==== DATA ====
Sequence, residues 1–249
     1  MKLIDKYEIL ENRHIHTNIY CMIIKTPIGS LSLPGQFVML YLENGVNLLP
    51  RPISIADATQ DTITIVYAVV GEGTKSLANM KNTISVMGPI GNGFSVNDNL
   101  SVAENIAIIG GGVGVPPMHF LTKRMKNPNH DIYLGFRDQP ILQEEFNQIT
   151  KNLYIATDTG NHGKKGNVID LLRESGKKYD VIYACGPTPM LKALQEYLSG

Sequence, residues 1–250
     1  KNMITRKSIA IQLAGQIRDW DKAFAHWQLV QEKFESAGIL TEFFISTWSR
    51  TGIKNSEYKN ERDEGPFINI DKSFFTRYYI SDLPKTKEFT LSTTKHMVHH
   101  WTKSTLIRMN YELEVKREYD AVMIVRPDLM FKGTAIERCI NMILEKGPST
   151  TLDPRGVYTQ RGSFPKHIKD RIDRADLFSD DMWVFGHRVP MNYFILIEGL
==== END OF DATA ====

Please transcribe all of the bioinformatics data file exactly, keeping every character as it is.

Sequence, residues 1–249
     1  MKLIDKYEIL ENRHIHTNIY CMIIKTPIGS LSLPGQFVML YLENGVNLLP
    51  RPISIADATQ DTITIVYAVV GEGTKSLANM KNTISVMGPI GNGFSVNDNL
   101  SVAENIAIIG GGVGVPPMHF LTKRMKNPNH DIYLGFRDQP ILQEEFNQIT
   151  KNLYIATDTG NHGKKGNVID LLRESGKKYD VIYACGPTPM LKALQEYLSG

Sequence, residues 1–250
     1  KNMITRKSIA IQLAGQIRDW DKAFAHWQLV QEKFESAGIL TEFFISTWSR
    51  TGIKNSEYKN ERDEGPFINI DKSFFTRYYI SDLPKTKEFT LSTTKHMVHH
   101  WTKSTLIRMN YELEVKREYD AVMIVRPDLM FKGTAIERCI NMILEKGPST
   151  TLDPRGVYTQ RGSFPKHIKD RIDRADLFSD DMWVFGHRVP MNYFILIEGL